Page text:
Category Archives: Stroke Bypass

Question: In regards to the new BLS 3.0.1 under the paramedic prompt card for acute stroke protocol contraindications, it clearly states CTAS 2 and/or uncorrected airway, breathing or circulatory problem. My question in regards to this contraindication is does this automatically make a patient a CTAS level 1 when they are presenting with all signs and symptoms of a stroke and meet stroke protocol or does this mean that any other issues (i.e. chest pain making them a CTAS 2) puts them out of stroke protocol?

Question: Our current stroke directive reads that 3.5 hours is the timeline from time of onset to stroke center. The new BLS reads that the time from onset to stroke center is 4.5 hours. Which timeline are we expected to follow as of Dec 11th?

Question: In Elgin county we have been having trouble with our defibs spitting out 'noisy data' warnings on our 12 lead ECG's lately which has prompted conversation with crews about the STEMI protocol. Though the protocol clearly states that LP15 ECG software interpretation meets ***MEETS ST ELEVATION... some crews are saying that due to this issue with noisy data, we are able to interpret the ECG on our own and determine if it meets our criteria based on the >1 mm/or the >2mm ST elevation criteria. Your thoughts? Should we patch the cardiologist? Should we transport to nearest ED due to software not recognizing due to noisy data?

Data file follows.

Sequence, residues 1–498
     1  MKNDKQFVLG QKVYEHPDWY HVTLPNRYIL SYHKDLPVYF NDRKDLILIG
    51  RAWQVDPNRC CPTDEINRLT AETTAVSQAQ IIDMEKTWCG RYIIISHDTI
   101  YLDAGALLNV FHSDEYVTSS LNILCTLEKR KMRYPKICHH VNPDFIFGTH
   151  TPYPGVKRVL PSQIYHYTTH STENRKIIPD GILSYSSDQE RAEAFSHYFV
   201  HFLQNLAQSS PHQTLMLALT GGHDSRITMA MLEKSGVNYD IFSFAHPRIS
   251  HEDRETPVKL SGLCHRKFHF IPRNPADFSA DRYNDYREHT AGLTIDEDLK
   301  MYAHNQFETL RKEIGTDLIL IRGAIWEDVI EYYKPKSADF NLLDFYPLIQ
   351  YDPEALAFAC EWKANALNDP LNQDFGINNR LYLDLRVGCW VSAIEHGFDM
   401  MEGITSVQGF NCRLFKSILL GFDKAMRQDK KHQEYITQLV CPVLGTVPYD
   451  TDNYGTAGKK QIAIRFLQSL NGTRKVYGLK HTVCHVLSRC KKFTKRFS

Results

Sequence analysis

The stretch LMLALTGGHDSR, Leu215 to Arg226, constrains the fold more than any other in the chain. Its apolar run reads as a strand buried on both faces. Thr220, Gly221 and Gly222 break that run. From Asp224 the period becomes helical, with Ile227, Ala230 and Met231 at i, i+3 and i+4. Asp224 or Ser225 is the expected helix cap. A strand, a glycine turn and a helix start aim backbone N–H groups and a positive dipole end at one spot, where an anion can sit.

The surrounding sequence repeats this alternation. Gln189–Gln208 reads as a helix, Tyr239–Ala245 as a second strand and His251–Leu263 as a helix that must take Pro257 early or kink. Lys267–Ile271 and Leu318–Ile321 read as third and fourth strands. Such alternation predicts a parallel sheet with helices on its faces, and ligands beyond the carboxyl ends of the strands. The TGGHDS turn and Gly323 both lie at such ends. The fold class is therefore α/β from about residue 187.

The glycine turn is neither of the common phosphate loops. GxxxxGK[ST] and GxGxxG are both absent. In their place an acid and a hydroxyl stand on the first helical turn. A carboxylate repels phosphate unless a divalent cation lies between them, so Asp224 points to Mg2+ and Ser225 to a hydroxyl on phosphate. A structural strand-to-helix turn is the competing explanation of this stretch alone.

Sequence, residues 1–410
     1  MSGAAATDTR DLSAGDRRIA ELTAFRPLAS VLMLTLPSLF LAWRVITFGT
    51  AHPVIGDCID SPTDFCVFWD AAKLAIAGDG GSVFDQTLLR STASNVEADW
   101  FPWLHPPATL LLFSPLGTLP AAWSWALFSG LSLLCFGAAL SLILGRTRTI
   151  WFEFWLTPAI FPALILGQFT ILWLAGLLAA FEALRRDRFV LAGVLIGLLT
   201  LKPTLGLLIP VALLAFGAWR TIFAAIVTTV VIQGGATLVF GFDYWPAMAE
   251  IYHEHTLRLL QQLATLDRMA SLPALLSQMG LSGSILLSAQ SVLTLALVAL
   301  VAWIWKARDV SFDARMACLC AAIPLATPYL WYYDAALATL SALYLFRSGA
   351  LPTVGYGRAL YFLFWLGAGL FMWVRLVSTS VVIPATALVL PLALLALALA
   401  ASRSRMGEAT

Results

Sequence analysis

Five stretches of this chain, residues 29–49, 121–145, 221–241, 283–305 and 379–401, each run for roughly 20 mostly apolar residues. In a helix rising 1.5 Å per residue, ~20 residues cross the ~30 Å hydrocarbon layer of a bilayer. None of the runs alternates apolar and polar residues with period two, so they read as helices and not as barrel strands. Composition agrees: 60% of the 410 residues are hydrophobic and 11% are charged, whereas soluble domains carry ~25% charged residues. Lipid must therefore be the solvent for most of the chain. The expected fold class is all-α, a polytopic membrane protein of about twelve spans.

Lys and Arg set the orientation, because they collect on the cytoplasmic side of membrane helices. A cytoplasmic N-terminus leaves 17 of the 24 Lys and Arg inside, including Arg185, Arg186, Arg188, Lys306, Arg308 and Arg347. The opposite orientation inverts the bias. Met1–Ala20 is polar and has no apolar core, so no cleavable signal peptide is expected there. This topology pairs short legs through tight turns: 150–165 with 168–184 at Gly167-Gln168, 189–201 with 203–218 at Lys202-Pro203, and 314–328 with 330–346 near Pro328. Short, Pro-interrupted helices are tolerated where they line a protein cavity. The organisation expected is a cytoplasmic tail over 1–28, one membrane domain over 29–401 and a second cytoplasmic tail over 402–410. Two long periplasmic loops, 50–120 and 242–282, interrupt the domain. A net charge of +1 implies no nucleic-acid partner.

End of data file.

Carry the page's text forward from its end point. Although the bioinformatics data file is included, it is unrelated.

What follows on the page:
Question: Can you go stroke bypass with the only complaint being a defined onset of confusion?

Question: Recently we were on scene with an unresponsive 65 year old female. This was a witnessed event by a friend. While on route to the nearest ED patient’s condition improved. The patient started to answer questions. At this time the patient found to have left sided deficits. Should we continue to the local ED (5 min transport) or turn around for stroke bypass (50 min transport) After assessment in ED we ended up transporting to Stroke Unit.

Question: I have a question regarding a call done recently; dispatched to a 73 year old female patient, healthy, independently and living with husband; takes no medications and has no allergies. In recent past however, has had NYD syncopal episodes lasting up to 30 minutes, no residual deficits from events suffered.

At 08:10, patient had sudden onset of weakness, called husband who held her before she fell and gently lowered her down to floor while family member called 911. They thought patient was having yet another familiar syncope. No seizure activity witnessed.

Patient was found unconscious on floor. While on scene patient regained consciousness to a GCS of 14, she had left sided facial droop, left sided paralysis and slurred speech which has never been the case in past events. All other vital signs where within limits including BS.

Although patient had initial GCS of 3 (normal for patient's events) Would it have been prudent to consider these two as different events and include her as a Stroke protocol candidate given the clear time of onset, her history and the marked CVA like symptoms. Thank you.